What are our Viscera?
Our ‘Viscera’ are essentially our organs. These naturally slide over each other as we move, in an almost frictionless dance, as we move about our day. They are also connected to each other by ligaments and fascia, just the right amount to give support and yet allow full movement.
In the context of visceral mobilisation, the diaphragm, your breathing muscle, also plays a huge part. There is a natural ‘sump pump’ in our bodies, driven by our breathing. As our diaphragm contracts and relaxes, all our visceral organs are gently mulched downwards, and recoil up again in rhythm. This mobilisation is essential to healthy organ function, and is one reason why abdominal and diaphragmatic breathing makes us feel so good.
Being active also enables our viscera to do their job. Physical activity stimulates sequenced contractions of the gut and helps with digestion, and the psoas muscles that sit in front of our spine also have connections to organs like the kidneys, so walking about actually helps to ‘pump’ the organs and keep a healthy blood flow to these essential structures.
Why might mobilisation or release be needed?
Over time, our connective tissues become gradually stiffer, and our fluid production that lubricates our insides more restricted. Life events, such as injury, scarring, surgery, or rigid postures, encourage a build up of excess connective tissues, which can ‘tether’ our organs to each other and to the inside of the abdominal wall, in a way that can ultimately start to affect their function.
Pregnancy, with its natural requirement to shift the organs out of the way of a growing baby, can have a lasting effect on the position and function of your organs long after baby is born.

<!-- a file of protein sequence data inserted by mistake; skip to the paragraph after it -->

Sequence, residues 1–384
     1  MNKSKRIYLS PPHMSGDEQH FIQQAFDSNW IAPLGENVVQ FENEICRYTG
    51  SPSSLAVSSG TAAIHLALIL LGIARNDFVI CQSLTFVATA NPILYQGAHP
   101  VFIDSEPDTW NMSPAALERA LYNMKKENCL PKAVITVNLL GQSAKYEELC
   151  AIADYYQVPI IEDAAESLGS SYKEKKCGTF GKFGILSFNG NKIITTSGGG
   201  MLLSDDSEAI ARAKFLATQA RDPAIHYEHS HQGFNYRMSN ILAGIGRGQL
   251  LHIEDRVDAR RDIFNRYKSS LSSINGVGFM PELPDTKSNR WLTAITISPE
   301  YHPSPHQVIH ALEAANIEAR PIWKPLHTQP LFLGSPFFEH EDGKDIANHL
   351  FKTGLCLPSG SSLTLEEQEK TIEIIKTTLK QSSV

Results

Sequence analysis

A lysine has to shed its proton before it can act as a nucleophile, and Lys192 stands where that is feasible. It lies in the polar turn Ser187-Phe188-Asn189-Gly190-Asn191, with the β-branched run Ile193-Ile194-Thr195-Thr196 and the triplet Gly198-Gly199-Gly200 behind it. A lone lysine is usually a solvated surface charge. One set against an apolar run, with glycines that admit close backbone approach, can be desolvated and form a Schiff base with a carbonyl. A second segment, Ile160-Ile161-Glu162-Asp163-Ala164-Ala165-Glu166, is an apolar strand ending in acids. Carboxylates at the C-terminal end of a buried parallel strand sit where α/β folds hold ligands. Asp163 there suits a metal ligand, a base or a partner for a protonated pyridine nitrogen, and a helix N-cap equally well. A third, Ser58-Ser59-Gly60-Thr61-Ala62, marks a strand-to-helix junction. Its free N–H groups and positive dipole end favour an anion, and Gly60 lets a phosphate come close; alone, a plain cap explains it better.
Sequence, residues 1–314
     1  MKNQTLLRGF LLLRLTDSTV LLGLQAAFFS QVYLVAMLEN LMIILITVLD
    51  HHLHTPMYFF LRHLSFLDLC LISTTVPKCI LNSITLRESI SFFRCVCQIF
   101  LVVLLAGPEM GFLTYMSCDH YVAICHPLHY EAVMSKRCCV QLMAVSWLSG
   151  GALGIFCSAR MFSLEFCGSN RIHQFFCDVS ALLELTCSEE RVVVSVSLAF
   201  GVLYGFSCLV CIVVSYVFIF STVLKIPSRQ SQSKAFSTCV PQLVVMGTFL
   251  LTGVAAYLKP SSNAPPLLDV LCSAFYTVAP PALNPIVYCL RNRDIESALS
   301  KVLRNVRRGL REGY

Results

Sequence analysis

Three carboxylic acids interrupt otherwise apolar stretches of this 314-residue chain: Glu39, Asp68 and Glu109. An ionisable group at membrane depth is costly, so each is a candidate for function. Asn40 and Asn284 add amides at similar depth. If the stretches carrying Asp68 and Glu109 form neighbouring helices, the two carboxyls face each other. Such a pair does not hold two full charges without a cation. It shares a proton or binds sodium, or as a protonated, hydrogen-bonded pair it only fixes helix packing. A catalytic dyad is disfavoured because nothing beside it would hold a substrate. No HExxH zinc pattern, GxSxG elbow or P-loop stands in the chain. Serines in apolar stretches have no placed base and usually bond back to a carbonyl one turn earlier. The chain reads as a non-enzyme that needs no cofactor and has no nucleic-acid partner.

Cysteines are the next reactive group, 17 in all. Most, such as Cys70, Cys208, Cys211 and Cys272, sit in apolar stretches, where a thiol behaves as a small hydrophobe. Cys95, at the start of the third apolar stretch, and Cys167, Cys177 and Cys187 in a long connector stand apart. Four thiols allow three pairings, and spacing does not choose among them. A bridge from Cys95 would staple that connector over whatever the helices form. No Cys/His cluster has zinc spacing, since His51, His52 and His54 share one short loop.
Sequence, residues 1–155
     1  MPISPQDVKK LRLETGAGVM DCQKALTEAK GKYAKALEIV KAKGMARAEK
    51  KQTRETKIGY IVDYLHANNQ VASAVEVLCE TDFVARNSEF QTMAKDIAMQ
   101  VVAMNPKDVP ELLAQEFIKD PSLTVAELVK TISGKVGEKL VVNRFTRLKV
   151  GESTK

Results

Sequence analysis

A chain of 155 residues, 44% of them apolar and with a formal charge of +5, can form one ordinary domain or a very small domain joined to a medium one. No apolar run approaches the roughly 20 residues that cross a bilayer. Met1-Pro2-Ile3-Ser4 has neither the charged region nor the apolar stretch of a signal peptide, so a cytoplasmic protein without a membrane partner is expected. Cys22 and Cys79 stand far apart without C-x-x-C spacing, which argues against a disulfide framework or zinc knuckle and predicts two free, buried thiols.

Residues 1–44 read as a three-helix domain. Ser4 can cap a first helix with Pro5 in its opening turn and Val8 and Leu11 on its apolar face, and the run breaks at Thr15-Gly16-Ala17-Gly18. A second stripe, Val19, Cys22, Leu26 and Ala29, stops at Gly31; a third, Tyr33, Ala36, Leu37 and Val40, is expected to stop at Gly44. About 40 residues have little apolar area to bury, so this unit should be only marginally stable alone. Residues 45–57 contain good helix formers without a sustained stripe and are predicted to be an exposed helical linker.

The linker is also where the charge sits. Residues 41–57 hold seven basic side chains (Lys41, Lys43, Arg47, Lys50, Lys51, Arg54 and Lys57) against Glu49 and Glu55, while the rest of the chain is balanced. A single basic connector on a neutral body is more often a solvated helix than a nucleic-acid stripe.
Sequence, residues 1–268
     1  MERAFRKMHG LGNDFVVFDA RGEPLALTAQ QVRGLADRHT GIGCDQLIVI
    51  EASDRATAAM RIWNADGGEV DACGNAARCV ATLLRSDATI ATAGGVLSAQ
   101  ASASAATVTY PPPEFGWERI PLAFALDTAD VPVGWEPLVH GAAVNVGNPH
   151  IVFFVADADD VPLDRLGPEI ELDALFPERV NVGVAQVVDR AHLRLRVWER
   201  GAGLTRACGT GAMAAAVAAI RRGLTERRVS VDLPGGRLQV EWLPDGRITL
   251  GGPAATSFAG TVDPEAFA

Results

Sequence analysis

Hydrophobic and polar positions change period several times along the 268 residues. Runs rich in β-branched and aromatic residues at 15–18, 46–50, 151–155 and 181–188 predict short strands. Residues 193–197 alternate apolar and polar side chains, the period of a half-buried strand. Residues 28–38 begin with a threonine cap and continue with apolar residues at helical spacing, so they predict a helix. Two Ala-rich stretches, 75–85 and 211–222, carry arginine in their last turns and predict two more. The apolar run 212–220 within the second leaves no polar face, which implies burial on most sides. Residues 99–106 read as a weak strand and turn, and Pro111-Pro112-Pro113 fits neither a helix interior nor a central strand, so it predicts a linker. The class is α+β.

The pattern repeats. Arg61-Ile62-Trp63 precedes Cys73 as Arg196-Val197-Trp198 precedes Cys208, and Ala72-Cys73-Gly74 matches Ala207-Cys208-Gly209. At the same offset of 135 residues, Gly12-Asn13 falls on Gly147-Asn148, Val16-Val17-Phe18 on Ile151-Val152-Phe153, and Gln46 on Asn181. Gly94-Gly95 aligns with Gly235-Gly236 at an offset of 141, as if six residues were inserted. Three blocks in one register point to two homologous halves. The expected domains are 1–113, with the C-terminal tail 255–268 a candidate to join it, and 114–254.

Imagine if you sat all day, only walked a few metres to your car, and then sat infront of the TV all evening. In a day like that, there’s been very little opportunity for the diaphragm to work hard and take large breaths, or for the muscles of the abdomen and leg to flush nutrifying blood around the body through movement. Apply this pattern for years, and it becomes easy to see how the viscera could become stiff and start to show signs of struggle.
Like most scars, once the tough tissue is laid down, it doesn’t easily relax or spring back to its elastic self. Some gentle release work can be the key to getting things moving healthily again.
What problems can it help with?
Common issues that may have restricted visceral movement as a factor or a cause include:
High blood pressure
Infertility or erratic monthly cycles
Can I do it for myself?
To a certain extent, yes. But you will need a full assessment first to find out what exactly is needed for your problem. Your therapist can then teach you the correct technique and positioning to do at home for the best effect.
How can I get an assessment?
The session for Visceral Mobilisation and Release is the same as for Physiotherapy – just find an appointment slot that works for you at the link below.
Ready to book your appointment?
£68 for 60 minutes Women's Health Physio Initial Assessment
£58 for 60 minutes Physiotherapy Initial Assessment
£40 for 30 minutes Standard Follow-Ups